Designed by Andrew H. Knoll and built in 1922, the two-story, Renaissance Revival-styled building at 678 Mission Street, on the northwest corner of Mission and Annie, was initially leased to the Phoenix Desk and Chair Company.
The San Francisco Builders Exchange took over the building in 1926 and stayed until 1956, after which the Hundley Hardware Company, which is still run by E.M. Hundley’s great grandsons, occupied the building until 1985.
And in 1993, the California Historical Society bought the 18,470-square-foot building for $2 million; turned the building’s 7,730-square-foot basement level into a series of climate-controlled storage vaults for its collection of historic materials; and converted the now seismically upgraded structure into its headquarters, complete with a publicly accessible library, museum and bookstore.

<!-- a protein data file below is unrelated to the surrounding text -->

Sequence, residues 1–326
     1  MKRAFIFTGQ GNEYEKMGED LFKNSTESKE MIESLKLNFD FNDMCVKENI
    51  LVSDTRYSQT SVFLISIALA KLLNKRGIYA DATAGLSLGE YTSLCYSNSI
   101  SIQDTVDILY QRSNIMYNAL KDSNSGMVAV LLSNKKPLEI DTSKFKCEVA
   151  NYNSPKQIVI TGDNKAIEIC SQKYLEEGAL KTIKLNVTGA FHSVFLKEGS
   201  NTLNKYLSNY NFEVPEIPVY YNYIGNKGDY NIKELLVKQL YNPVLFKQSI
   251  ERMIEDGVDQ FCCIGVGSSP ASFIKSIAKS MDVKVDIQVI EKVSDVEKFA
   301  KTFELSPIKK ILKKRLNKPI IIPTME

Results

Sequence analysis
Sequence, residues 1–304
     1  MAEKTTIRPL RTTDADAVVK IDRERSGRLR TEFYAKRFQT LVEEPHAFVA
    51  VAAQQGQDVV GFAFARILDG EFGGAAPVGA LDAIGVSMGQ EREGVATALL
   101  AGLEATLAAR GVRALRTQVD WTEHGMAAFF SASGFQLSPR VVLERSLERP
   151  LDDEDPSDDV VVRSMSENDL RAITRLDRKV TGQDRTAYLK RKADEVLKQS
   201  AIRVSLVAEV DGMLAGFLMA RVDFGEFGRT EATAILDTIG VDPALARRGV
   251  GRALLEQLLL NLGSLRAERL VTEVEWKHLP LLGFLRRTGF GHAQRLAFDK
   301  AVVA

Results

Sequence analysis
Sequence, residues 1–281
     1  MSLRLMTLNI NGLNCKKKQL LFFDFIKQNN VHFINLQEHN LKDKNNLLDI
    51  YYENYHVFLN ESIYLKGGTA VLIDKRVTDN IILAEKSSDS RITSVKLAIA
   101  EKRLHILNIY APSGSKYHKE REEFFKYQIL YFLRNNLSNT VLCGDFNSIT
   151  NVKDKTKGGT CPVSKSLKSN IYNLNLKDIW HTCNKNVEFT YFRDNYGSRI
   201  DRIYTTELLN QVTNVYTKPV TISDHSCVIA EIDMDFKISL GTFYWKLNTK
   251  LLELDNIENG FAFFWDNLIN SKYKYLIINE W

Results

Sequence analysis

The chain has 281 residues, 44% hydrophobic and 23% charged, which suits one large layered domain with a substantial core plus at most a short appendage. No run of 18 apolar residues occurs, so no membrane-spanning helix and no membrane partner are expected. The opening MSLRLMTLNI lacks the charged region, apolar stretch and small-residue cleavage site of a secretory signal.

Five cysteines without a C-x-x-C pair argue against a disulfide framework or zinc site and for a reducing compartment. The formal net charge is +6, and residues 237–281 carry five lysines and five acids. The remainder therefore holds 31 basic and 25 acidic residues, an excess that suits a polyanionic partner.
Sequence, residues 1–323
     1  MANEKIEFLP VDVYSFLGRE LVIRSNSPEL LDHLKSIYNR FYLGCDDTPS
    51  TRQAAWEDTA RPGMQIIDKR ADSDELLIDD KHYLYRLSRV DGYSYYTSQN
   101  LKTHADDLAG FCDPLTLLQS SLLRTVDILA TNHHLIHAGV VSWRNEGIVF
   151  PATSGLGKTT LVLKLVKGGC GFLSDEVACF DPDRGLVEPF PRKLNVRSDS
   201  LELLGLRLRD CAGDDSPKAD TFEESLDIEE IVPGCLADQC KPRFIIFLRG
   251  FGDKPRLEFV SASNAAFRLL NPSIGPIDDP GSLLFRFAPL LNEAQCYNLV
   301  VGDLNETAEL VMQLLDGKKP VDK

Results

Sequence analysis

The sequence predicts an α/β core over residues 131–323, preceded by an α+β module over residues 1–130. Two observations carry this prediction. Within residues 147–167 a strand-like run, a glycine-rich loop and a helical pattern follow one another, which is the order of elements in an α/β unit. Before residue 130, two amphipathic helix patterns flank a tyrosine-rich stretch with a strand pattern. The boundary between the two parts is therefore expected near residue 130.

Hobbled by the pandemic and in need of funds, the Historical Society has decided to sell the building and move to a mobile/virtual/distributed model. And yes, the corner site is zoned for development up to 300 feet in height.
But there’s a big but with respect to the potential for redeveloping the corner site. And it’s not simply because the building is historic.
In fact, the California Historical Society sold the Transferable Development Rights (TDRs) for the property back in 2001. And as such, there are effectively no opportunities for a wholesale redevelopment of the site, beyond a redevelopment and re-purposing of the existing two-story building as it stands.